Honours / Core Course (CC)
COMPARATIVE ANATOMY OF VERTEBRATES
Unit 1: Integumentary System
Mechanism of Respiration, Respiratory volumes and capacities, transport of Oxygen and Carbon dioxide in blood, Dissociation curves and the factors influencing it, respiratory pigments; Carbon monoxide poisoning
Q.What is pterylae?
Contour feathers are evenly distributed over the bodies of several kinds of birds (probably primitive condition), but usually are restricted to feather tract, called pterylae. The feathers spread from the pterylae to cover the intervening areas. The conformation of pterylae is of use to systematists.
Unit 2: Digestive System
Comparative anatomy of stomach; dentition in mammals
Q.Distinguish between brachyodont and hypsodont teeth.
Unit 3: Respiratory System
Respiratory organs in fish, birds and mammals
Q.What do you mean by mammalian ventilation?
Mammalian ventilation is bidirectional and involves the rib cage and diaphragm. Upon inhalation, the external intercostal muscles contract to rotate the adjacent ribs and medial sternum forward. Because the ribs are bowed in shape, this rotation includes an outward as well as a forward swing of each arched rib. The result is to expand the space that the rib cage encloses around the lungs. Contraction of the dome-shaped diaphragm causes it to flatten, further enlarging the thoracic cavity.
Unit 4: Circulatory System
General plan of circulation, Comparative account of heart and aortic arches
Q.Demonstrate cardiac shunt in crocodile.
The pattern of cardiac blood flow changes because of a cardiac shunt.
Changes /Adaptation/Modification in the process of cardiac circulation is presented in a flow chart fashion as follows—
Q.Give a comparative account between aortic arch in Anura and Urodale.
Unit 5: Urinogenital System
Succession of kidney in different vertebrate groups; evolution of urino-genital ducts
Q.State the functional significance of glomeruli and tubules.
Functional significance of glomerulus:
1.Because of elevated blood pressure within the glomerulus resulting partly from the smaller size of the different glomerular arteriole, water, certain salts, glucose and other solutes in the blood plasma are filtered into the space between the outer and inner wall of bowman's capsule.
2.Some constituent of the glomerular filtrate may not be expendables and those are selectively reabsorbed during passage through specific segments of the tubule. As a result the composition of the filtrate becomes altered in the passage.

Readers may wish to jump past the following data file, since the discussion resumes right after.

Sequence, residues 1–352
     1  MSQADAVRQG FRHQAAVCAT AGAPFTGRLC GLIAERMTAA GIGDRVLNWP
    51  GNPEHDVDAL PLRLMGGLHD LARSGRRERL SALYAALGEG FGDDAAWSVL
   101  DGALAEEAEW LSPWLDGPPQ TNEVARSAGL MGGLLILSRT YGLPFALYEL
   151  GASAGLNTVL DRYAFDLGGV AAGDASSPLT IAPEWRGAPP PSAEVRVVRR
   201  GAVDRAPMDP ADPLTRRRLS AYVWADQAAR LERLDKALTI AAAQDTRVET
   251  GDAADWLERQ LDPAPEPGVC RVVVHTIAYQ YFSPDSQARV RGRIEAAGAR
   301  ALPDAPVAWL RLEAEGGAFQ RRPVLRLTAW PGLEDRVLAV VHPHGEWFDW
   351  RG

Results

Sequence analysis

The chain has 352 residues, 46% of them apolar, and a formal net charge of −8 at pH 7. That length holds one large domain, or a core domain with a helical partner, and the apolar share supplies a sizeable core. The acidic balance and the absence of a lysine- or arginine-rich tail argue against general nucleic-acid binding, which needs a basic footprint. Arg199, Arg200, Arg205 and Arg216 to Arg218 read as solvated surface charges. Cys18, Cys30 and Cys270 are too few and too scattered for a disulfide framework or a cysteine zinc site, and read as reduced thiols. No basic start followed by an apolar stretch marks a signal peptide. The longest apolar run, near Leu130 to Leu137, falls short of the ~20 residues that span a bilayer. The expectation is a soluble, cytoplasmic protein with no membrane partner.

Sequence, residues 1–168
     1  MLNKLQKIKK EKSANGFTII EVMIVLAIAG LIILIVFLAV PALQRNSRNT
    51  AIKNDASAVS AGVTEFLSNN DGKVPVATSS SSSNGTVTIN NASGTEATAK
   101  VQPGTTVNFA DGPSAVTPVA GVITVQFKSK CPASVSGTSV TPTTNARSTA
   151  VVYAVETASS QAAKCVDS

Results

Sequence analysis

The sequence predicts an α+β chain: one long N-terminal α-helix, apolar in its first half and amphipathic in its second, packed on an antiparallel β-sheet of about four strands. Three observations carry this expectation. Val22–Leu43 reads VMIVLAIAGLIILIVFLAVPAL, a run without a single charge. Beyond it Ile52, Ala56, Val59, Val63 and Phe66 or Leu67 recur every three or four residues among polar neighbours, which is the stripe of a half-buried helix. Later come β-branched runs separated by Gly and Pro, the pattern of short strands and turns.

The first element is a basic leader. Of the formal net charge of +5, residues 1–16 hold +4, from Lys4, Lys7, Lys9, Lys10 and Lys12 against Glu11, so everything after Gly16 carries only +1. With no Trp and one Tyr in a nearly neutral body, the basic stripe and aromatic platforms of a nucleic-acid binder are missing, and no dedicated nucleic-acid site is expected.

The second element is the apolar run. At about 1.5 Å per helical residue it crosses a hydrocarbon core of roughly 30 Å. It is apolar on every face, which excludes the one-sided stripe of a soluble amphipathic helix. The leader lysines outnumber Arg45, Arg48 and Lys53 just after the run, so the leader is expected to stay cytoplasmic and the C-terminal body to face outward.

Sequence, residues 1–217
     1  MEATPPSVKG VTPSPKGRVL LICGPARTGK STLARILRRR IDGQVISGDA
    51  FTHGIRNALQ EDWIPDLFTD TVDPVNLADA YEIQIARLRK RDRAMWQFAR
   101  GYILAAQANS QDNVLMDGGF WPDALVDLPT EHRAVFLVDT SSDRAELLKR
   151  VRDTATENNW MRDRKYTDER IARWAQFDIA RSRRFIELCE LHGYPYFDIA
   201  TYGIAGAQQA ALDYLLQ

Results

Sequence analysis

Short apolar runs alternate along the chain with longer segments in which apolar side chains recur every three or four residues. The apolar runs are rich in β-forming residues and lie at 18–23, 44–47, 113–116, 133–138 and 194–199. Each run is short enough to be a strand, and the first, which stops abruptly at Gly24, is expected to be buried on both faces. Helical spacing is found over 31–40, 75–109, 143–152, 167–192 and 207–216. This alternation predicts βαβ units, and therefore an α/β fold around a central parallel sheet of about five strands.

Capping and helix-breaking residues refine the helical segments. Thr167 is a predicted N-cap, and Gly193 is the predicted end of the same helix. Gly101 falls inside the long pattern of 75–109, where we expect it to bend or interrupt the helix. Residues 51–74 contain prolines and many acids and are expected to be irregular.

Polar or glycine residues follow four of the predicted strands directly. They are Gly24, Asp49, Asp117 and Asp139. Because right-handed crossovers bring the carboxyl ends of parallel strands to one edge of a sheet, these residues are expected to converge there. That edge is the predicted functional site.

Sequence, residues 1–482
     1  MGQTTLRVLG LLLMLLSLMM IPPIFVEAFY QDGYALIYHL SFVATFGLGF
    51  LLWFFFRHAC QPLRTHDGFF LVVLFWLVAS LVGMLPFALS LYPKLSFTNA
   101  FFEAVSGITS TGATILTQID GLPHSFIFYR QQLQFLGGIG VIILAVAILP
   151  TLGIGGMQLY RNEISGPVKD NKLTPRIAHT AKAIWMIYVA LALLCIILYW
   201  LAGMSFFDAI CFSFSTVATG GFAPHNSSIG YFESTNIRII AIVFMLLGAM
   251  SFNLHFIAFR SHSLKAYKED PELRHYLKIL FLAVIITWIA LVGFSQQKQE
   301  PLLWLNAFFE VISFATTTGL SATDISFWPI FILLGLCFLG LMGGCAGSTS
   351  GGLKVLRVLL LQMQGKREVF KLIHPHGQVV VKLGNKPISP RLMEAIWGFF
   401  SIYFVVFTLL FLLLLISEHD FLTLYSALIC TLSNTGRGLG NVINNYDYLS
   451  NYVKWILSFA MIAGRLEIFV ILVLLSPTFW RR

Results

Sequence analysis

3.All the glucose for example is ordinarily reabsorbed. It is the sole immediately available circulating source of energy it is not readily acquired and it is not ordinarily in excess in the bloodstream because once acquired is quickly stored in the liver, water and certain salts may or may not be in excess depending on the environment.
4.When in excess water is allowed to pass through the length of the tubules and to enter the kidney ducts without having been reabsorbed. Under conditions that tend to lead to dehydration water is reabsorbed from segments of the tubule. Certain salts also are selectively reabsorbed when appropriate.
5.Tubular secretion removed from the circulation useless or harmful substances that were not removed by filtration. Among these are for instance wastes from protein breakdown (nitrogen is wastes) in tetrapods. (Nitrogenous wastes, Sodium ion and chloride ion in most fishes are eliminated by external means)... (For further information follow contact section)
Unit 6: Nervous system and sense organs
Comparative account of brain in vertebrates; cranial nerves; olfactory and auditory receptors in Vertebrates
Q.Give characteristic features of amphibian fore brain.
i)Similar to that of primitive shark and less complex that the reptile.
ii)Primitive pallium and globus pallidus- still prominent.
iii)consists of dorsal, lateral and medial part.
iv)Amygdala- another region of pallium, primarily concerned with receiving accessory olfactory informaqtions from the vomeronasal organ.
Unit 7: Skeletal system
Overview of axial and appendicular skeleton – limbs, girdles of pigeon; jaw suspension in
Q. What do you mean by amphistylic jaw suspension?
Here, the posterior part of the upper jaw orpalatoquadrate is directly articulated to the chondrocranium and in addition, the hyomandibular serves to attach the jaws to otic region of chondrocranium.
This type of jaw suspension is found in primitive sharks like Hexanchus.